Gene Wolfe takes us to a future North America at once familiar and utterly strange. A young man and woman, Skip and Chelle, fall in love in college and marry, but she is enlisted in the military, there is a war on, and she must serve her tour of duty before they can settle down. But the military is fighting a war with aliens in distant solar systems, and her months in the service will be years in relative time on Earth. Chelle returns to recuperate from severe injuries, after months of service, still a young woman but not necessarily the same person - while Skip is in his forties and a wealthy businessman, but eager for her return.
Still in love (somewhat to his surprise and delight), they go on a Caribbean cruise to resume their marriage. Their vacation rapidly becomes a complex series of challenges, not the least of which are spies, aliens, and battles with pirates who capture the ship for ransom. There is no writer in SF like Gene Wolfe and no SF novel like Home Fires.
As with most good speculative fiction, this imagined future is used to explore current ideas. In Home Fires, Wolfe explores two big questions: What is love and what is death? ...This strange, surprising book is clearly written by a master. Although definitely not a book for everyone, I think Home Fires is great fun, and well worth the work involved on the reader's part. (Reviewed by Beverly Melven).
Red herrings and unknown, mistaken, or confused identities saturate the novel, making this well suited for readers, especially mystery readers, who don't often read science fiction.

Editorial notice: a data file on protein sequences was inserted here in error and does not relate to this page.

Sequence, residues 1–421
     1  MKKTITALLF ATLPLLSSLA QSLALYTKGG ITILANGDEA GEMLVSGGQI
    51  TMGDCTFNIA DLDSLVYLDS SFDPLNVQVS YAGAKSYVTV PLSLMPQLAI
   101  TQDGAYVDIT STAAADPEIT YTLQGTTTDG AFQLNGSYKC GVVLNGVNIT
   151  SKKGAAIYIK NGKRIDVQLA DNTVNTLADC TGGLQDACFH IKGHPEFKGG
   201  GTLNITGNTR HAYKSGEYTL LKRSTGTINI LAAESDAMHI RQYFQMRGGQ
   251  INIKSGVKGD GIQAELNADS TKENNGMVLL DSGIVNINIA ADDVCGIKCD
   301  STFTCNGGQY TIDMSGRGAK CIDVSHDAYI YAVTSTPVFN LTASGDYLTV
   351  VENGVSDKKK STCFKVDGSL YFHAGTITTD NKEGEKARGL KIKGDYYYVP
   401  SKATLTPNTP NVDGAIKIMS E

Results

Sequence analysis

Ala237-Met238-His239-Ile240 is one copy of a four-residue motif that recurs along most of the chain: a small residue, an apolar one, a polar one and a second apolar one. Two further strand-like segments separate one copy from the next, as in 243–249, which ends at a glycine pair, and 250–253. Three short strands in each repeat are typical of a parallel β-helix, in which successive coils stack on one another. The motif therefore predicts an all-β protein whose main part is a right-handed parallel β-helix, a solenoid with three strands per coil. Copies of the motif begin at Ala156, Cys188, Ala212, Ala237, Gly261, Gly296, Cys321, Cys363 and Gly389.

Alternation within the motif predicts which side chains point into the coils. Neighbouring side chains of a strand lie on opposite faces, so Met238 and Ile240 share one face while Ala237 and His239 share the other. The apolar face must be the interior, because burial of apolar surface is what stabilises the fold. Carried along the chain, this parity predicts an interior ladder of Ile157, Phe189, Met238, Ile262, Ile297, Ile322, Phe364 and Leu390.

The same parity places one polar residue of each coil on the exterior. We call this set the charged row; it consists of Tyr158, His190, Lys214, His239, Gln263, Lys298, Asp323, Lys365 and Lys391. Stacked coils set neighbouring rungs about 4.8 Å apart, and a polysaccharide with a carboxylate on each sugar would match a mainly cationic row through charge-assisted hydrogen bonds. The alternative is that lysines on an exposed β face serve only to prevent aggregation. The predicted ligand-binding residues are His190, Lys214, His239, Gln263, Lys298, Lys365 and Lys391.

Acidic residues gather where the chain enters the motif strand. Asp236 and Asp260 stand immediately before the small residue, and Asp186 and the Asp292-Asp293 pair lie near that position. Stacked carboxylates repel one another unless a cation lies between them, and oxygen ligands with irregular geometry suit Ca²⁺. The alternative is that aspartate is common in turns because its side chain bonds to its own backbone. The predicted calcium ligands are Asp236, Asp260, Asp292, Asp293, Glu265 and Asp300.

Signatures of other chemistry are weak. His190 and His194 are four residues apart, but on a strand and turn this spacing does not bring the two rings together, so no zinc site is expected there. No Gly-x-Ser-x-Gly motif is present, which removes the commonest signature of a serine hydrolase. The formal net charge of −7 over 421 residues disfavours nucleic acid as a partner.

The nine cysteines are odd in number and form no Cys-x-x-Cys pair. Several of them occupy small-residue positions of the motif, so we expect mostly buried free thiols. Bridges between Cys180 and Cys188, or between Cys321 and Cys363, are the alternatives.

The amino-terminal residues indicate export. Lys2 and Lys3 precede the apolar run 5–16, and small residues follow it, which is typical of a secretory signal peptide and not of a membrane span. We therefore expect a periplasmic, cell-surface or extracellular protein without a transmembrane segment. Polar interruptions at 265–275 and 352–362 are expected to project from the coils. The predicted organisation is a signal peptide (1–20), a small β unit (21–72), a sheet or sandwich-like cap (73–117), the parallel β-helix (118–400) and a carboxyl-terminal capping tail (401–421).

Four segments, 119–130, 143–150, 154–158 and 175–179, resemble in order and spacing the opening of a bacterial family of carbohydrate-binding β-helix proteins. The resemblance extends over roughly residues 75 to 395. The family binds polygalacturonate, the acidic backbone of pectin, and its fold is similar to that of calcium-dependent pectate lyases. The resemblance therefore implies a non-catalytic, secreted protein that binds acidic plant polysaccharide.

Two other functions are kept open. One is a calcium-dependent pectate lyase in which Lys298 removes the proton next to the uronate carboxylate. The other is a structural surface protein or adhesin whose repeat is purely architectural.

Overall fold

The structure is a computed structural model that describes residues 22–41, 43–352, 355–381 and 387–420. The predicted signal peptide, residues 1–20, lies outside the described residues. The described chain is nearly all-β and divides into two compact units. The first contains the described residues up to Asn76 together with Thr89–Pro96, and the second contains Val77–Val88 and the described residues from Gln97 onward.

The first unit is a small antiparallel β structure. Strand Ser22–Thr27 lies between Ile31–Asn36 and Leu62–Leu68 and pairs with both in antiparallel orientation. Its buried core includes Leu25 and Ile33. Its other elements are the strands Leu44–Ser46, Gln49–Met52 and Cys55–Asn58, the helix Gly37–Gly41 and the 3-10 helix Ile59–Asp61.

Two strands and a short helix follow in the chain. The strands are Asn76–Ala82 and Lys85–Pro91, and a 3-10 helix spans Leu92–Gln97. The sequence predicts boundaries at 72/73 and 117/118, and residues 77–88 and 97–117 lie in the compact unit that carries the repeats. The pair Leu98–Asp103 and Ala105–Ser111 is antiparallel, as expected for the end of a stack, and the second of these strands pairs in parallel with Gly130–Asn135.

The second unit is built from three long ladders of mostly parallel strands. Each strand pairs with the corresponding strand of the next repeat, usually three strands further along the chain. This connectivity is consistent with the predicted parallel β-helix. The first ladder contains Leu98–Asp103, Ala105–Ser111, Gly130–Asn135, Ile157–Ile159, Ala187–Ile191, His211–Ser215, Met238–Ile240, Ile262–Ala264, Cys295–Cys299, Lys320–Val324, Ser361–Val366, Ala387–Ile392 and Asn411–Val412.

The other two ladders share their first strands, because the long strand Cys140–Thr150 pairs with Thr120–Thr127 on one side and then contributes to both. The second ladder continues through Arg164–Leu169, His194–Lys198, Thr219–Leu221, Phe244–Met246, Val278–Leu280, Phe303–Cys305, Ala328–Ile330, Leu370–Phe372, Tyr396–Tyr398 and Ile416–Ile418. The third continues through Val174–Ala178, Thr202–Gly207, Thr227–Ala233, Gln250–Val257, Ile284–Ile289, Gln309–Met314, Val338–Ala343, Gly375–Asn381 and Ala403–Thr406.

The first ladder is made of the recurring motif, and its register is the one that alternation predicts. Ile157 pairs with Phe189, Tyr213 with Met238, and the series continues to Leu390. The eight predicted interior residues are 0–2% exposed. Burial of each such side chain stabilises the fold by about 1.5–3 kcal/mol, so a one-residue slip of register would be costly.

Part cyber-thriller, part love story, part sf adventure, Wolfe's latest novel should appeal to his many fans as well as to general readers.
[Readers] will be pleased by this latest display of all the gifts of one of sf's authentic all-time masters, including original and balanced characterization, masterly world building, and an ethical sensibility of the highest degree.
Starred Review. A somber, almost brooding tone permeates this compelling work from one of the genre's grandmasters.
Critically acclaimed author Gene Wolfe writes in the genres broadly described as sci-fi, fantasy and speculative fiction. He is prolific, writing novels, poetry, novellas and short stories. His awards include two Nebulas, three Locus awards, a British Science Fiction Association award, a Lifetime Achievement award from the World Fantasy Association, and induction into the Science Fiction Hall of Fame in 2007.
Born in New York state in 1931, he served in the Korean War between 1952-54, later graduating from the University of Houston with a degree in Medical Engineering. After that he spent about 15 years as an engineer at Procter & Gamble (among other projects, developing the machine that cooks Pringles) before leaving to edit an engineering journal.
He published his first novel in 1970, and has been writing full-time since 1984. He is best known for The Book of the New Sun series, set on a future, dystopian "Urth." Fans have...
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